A FINE LINE
February 8, 2016
In The News
By Journal Staff
Three companies received fines totaling $1.4 million for failure to handle 911 calls for people with partial hearing loss over periods varying from five weeks to 10 months through applications used by callers who are hard of hearing. In addition, the companies were unaware of this issue until a Federal Communications Commission (FCC) investigation uncovered the problem.
Sprint will pay $1,175,000, Hamilton will pay $235,000, and InnoCaption will pay $25,000. Each company will file detailed compliance reports with the FCC Enforcement Bureau and implement risk management processes.
Individuals who can speak but have difficulty hearing often rely on the Telephone Relay Service (TRS) Internet Protocol Captioned Telephone Service (IP CTS). Consumers are not charged for the service, and the companies providing the service are eligible for compensation from the federally mandated TRS fund, provided they comply with FCC TRS rules and orders.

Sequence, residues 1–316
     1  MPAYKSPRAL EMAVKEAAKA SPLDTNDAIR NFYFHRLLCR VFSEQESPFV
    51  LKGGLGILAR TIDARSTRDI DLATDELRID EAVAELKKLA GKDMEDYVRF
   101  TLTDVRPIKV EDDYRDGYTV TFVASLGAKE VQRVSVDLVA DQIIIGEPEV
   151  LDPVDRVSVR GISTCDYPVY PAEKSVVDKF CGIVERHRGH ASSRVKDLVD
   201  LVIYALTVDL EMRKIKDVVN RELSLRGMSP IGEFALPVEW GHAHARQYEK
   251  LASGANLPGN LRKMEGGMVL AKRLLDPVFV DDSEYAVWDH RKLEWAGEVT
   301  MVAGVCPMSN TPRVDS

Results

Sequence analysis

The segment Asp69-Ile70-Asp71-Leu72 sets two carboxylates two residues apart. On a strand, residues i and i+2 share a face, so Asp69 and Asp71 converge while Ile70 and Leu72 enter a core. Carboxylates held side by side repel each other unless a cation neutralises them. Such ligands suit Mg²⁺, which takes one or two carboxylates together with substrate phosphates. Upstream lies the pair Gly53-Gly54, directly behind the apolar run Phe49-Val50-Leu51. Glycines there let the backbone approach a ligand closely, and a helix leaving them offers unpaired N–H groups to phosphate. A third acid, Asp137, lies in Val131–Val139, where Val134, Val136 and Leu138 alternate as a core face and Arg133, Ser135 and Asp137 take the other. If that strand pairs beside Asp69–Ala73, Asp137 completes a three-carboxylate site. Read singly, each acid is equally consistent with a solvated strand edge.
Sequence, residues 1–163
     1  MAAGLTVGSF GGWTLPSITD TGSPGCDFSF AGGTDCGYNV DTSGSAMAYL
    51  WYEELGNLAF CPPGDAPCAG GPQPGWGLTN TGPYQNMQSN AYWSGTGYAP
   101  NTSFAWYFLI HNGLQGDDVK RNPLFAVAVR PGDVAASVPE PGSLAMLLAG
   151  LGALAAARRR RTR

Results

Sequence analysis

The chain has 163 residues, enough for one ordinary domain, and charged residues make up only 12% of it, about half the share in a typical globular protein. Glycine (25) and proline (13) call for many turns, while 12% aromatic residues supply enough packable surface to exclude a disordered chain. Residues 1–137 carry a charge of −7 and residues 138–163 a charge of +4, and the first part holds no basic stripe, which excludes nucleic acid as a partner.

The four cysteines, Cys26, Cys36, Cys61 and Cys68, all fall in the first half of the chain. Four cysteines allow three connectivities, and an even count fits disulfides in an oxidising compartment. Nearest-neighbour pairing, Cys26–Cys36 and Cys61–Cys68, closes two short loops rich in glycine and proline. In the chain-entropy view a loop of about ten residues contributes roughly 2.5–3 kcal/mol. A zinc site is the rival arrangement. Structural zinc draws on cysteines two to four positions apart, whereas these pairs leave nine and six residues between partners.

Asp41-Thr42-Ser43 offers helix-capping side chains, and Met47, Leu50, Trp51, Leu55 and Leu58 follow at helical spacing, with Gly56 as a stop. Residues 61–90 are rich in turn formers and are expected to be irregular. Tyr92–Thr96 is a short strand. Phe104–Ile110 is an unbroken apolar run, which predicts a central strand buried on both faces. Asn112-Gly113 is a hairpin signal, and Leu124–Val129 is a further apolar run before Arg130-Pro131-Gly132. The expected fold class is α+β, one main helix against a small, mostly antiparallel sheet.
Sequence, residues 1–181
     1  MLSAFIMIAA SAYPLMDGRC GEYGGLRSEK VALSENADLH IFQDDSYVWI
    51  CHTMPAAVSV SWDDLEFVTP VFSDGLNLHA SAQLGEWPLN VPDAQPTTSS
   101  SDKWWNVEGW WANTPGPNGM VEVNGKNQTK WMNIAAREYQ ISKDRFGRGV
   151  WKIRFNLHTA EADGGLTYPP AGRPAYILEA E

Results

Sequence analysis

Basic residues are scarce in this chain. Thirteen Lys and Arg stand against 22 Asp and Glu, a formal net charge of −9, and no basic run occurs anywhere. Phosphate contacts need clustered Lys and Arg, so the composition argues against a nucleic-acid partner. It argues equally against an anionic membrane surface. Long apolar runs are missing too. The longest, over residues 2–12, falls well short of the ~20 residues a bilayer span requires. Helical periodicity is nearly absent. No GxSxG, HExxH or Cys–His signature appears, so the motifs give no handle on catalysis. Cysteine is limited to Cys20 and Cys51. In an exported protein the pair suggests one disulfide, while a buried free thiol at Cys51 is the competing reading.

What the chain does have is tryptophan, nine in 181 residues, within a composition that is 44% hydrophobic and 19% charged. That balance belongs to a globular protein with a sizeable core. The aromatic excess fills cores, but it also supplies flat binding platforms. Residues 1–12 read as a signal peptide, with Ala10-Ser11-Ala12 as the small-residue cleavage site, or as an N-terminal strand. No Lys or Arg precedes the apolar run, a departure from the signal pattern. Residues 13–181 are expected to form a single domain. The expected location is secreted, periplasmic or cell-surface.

Test calls made in 2014 by the FCC’s Enforcement Bureau and Consumer and Government Affairs Bureau not only revealed the companies were unable to accept and handle 911 emergency calls made using IP CTS applications but, also, submitted inaccurate requests to the TRS fund administrator for compensation during the period they were found out of compliance.
An article recently published in the Wall Street Journal alleges that some large companies are getting discounted rates from phone carriers that is unfairly skirting laws requiring fees to help fund emergency dispatch services.
An excerpt from a CNN article about the emergency communication center and first responder preparations and look at Rio's hospitals during the 2016 Summer Olympic Games in Rio de Janeiro, Brazil.